In Tripolitania – with the support of UNESCO and with the help of French and, above all, English missions – the Department of Antiquities launched a powerful and methodical operation of surveys of the predesert (24 reports published until 1989 only by the British). The ULVS (Unesco Libyan Valleys Surveys), systematically detecting the cultures practiced in the pre-desert in antiquity, thanks to the water of the widyān retained with the most ingenious methods, they could provide useful indications for a re-cultivation of these areas. On the other hand, the solitary explorations carried out by O. Brogan in the 1950s and 1960s had already shown how up to more than 200 km from the coast (remember that the well-known Qirza complex is located 250 km south-east of Tripoli) in Roman times olive trees, vines and even watermelons were cultivated in the bed of the widyān, as confirmed by more recent botanical investigations. Not only the reconstruction of the geomorphological and climatic environment as well as of the production in ancient times was illuminated by these researches, but also the relationships between transhumants and sedentaries (numerous cloistered identified), between cities on the coast and centers of Ǧabal and farms of the predesert, between the Roman army on the limes (the Roman presence was a great stimulus for the development of the predesert) and tribes of the interior, were set on fire as never before, precisely because they have been made possible by this coordinated multi- and interdisciplinary approach.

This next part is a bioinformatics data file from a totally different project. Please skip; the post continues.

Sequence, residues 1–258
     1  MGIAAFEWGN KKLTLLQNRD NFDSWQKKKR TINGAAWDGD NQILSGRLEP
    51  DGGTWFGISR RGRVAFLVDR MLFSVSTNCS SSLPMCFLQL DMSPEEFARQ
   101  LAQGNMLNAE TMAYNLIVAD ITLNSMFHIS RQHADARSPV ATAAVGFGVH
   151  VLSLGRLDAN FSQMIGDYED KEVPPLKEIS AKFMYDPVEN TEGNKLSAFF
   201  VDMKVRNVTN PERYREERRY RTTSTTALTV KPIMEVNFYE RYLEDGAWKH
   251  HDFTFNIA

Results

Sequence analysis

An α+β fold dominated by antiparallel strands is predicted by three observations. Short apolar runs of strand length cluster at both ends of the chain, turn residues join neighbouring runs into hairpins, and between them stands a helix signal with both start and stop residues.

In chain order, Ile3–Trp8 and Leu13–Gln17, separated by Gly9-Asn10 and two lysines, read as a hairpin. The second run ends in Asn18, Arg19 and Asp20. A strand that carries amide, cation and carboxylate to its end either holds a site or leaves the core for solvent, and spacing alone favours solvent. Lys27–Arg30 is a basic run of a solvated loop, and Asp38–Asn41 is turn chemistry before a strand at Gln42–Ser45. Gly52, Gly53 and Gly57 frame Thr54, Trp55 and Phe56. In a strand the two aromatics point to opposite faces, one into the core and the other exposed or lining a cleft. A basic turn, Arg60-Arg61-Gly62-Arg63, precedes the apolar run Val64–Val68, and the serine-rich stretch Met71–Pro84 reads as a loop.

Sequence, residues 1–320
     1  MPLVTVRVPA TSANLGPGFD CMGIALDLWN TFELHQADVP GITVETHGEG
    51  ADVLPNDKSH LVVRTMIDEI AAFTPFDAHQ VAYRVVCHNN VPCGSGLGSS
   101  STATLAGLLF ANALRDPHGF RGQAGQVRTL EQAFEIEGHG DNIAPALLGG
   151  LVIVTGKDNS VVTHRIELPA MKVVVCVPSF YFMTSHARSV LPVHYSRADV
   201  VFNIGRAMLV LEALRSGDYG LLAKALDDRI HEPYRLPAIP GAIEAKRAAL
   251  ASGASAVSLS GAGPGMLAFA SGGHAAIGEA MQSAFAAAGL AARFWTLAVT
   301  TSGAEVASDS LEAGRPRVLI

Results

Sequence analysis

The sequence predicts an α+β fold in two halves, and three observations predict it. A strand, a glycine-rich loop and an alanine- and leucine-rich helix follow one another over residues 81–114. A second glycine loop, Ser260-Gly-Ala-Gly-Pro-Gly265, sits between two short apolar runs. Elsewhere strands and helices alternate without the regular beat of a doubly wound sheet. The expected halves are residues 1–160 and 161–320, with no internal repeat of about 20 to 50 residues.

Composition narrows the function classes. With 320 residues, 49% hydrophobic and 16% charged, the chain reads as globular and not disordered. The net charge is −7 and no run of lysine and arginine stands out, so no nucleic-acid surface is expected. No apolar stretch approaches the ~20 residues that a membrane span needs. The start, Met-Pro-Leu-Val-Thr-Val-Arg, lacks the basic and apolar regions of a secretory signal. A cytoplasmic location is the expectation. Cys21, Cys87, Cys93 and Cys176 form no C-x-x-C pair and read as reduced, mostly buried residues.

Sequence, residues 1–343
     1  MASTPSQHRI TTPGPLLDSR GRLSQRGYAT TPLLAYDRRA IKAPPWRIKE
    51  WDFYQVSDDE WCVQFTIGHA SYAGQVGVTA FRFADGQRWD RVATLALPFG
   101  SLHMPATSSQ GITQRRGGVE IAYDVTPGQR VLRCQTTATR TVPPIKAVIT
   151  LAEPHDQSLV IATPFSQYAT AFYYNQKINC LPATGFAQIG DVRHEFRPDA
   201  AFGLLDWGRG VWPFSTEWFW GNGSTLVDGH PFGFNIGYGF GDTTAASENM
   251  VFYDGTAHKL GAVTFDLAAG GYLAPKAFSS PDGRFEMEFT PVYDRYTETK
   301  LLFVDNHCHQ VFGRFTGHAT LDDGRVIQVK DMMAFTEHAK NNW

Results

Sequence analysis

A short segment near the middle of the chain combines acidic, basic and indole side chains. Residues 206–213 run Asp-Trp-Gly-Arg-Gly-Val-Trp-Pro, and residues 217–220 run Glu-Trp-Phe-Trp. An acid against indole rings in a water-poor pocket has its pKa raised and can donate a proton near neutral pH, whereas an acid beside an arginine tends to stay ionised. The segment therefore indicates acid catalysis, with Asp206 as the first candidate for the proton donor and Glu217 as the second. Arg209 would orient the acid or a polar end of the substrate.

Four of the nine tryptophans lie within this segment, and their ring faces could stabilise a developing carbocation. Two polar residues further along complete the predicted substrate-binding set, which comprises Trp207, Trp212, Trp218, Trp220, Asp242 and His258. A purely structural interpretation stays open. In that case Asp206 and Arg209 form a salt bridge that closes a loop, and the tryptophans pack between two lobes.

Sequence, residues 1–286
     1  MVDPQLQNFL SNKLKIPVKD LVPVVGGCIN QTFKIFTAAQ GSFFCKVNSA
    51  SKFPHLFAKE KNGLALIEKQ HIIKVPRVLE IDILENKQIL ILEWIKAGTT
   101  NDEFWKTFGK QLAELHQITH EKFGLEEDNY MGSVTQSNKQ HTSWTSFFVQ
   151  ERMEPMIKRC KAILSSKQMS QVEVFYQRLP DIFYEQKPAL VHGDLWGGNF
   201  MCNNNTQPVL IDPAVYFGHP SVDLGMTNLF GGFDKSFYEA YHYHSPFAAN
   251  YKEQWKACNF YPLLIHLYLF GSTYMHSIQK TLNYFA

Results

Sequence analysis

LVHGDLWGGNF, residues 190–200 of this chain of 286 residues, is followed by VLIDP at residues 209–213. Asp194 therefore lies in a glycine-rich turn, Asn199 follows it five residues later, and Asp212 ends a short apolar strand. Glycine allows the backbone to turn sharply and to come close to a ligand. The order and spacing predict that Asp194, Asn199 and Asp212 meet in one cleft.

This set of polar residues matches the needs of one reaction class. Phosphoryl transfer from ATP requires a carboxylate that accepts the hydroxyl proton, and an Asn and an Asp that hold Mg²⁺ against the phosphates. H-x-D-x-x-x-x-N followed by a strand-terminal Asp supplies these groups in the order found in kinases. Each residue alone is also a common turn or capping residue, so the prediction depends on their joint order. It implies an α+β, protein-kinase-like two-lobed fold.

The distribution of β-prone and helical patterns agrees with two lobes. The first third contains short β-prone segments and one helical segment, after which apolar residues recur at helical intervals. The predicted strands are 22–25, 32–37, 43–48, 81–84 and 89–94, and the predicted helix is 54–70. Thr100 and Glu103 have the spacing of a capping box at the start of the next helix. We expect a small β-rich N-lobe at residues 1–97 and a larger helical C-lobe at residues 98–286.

As for the cities on the coast, while little has been published concerning Oea (but see A. Di Vita for the painted tomb of Zanzur and the hypogeum of Adam and Eve in Qarqāriš), the activity of research and study for Ṣabrāṯa and Leptis. For Libya society, please check